U.S. Dist. Judge Lawrence E, Kahn (N.D. NY, Clinton) sentenced Nancy Barber on Oct. 16 to five months in prison for embezzling $57,769 from an Albany local union. Judge Kahn could have sentenced the mother of three children under the age of 13 to 16 months in prison. He also ordered five months of home detention, three years of probation, and full restitution by Barber. She pled guilty on June 24 to stealing from Local 12 of the Intl. Assn. of Iron Workers (IAIW) between 1993 and ‘99 by pocketing dues payments in cash. [Times-Union, Albany, NY 10/17/02]
On Mar. 28, 2001, U.S. Dist. Judge Joyce H. Green (D.D.C., Carter) granted the Dep't of Labor's motion for summary judgment and declared the Amalgamated Transit Union's 1998 election of int'l officers void. DOL's suit charged that the ATU, headquartered in Washington, D.C., imposed an unreasonable candidacy qualification when it applied a meeting attendance requirement for the nomination and election of delegates to its 1998 int'l union convention. DOL's Office of Labor-Mgmt. Standards Washington District Office conducted the investigation leading to the complaint and will supervise the remedial election ordered by the court. [DOL 3/28/01]
Alan B. Bond, a union pension manger who is scheduled to stand trial in Nov. on charges he took illegal kickbacks from brokerage firms, was arrested Aug. 9, on separate fraud charges, federal prosecutors said. In a 32-page complaint filed in U.S. Dist. Court in Manhattan, Bond was charged with conducting an illegal "cherry picking" scheme that directed virtually all of his profitable stock trades to his own accounts and most of his unprofitable ones to accounts he managed for three clients, including the Birmingham Amalgamated Transit Auth. Local 725 pension fund. Separately, Sec. & Exch. Comm'n attorneys were in court Aug. 9 seeking to freeze all of Bond's assets.
Federal prosecutors Dec. 16 charged Alan B. Bond, president of Albriond Cap. Mangmnt., a N.Y-based advisory firm whose largest client was the $2.3 billion pension fund of the Amalgamated Transit Union Local 689 in Washington, D.C., with taking $6.9 million in kickbacks from brokerage firms to help pay for lavish gifts to ex-Local 689 boss James Thomas.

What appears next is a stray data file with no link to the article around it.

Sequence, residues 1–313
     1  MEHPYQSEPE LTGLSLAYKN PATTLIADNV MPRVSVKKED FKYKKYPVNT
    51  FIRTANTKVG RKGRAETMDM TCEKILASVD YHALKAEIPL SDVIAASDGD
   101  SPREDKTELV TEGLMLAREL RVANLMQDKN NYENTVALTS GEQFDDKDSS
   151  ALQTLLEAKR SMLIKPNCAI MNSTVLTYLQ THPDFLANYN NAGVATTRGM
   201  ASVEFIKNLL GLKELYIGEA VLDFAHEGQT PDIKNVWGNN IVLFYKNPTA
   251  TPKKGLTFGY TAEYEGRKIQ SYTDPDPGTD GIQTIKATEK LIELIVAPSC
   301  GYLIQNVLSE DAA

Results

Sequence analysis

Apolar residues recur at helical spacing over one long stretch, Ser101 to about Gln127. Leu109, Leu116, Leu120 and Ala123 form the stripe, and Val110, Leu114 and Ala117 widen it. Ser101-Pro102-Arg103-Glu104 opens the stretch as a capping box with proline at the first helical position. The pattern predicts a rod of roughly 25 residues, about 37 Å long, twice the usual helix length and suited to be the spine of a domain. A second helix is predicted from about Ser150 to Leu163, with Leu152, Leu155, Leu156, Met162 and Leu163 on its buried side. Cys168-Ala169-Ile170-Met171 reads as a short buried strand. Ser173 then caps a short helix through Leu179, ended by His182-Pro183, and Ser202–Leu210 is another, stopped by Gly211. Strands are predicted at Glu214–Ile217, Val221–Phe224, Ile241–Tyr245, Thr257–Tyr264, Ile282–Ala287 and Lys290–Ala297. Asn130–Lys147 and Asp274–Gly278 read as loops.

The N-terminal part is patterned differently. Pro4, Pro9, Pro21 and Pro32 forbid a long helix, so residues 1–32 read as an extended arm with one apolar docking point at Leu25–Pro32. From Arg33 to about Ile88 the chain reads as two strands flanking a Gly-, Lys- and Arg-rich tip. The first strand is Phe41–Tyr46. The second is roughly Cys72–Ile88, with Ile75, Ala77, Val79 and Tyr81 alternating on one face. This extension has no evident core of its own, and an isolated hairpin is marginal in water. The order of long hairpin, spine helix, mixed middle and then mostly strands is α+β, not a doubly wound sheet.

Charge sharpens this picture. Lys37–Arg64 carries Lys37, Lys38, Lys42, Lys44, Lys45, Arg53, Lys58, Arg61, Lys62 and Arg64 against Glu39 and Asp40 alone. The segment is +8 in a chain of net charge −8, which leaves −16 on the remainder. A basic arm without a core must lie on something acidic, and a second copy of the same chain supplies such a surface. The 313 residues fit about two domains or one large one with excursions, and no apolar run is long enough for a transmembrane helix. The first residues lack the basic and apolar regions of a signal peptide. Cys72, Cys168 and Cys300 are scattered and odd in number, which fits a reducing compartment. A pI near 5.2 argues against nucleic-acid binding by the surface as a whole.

A fed. grand jury rendered an 11-count indictment against Bond, accusing him of conspiracy, fraud, bribery and making false statements. SEC also filed suit alleging Bond used some of the kickback money to purchase gratuities for pension fund trustees. Specifically, Bond allegedly provided Thomas, who also was a trustee of the fund, with tickets to Dallas Cowboy football games and Broadway shows, paid for his rooms at the prestigious St. Regis Hotel in N.Y., bought him expensive clothes and dinners, and supplied him with limousines and plane tickets. Thomas allegedly received gratuities worth at least $15,000. Thomas wasn't named in the suits. SEC attorney Clifford C. Hyatt said the investigation is continuing.
On Jul. 20, the U.S. District Court in Seattle sentenced Robert Kellas, former-president of Amalgamated Transit Union Local 843 in Bellingham, WA, to a year and a day in prison and ordered him to pay $78,248 in restitution on top of $70,000 already paid. He will also serve 3 years of supervised release after facing a maximum of 5 years in prison. On Apr. 23, Kellas pled guilty to embezzling between $70,000 and $120,000 from Local 843 and the ATU Legislative Council of Washington State. He was president of Local 843 from 1990-97 and secretary-treasurer of the Legislative Council from 1994-97. The U.S. Attorney's Office said Kellas' scheme was simply writing checks to himself from the 2 unions. [Seattle Times 04/24/98 & 07/21/98]
Union Corruption Studies Available The Public Service Research Council just published 2 timely studies: "Fraud Prevalent in Prevailing Wage Surveys" & "The Case Against Public Sector Unionism & Collective Bargaining." To get a copy call 703-242-3575.
"It is good that a prolonged bus strike has been averted in Worcester. But the question is: at what price? [The] one-day strike, staged by the local chapter of the Amalgamated Transit Union, AFL-CIO, was described as an "illegal" job action by Robert E. Ojala, administrator of the Worcester Regional Transit Authority. That may have been an understatement. The specter of labor action by this union has been lingering for some time. It threatened to picket the Worcester Centrum Centre during the Democratic State Convention, but a last-minute compromise negotiated by the city manager and the mayor saved the city from embarrassment.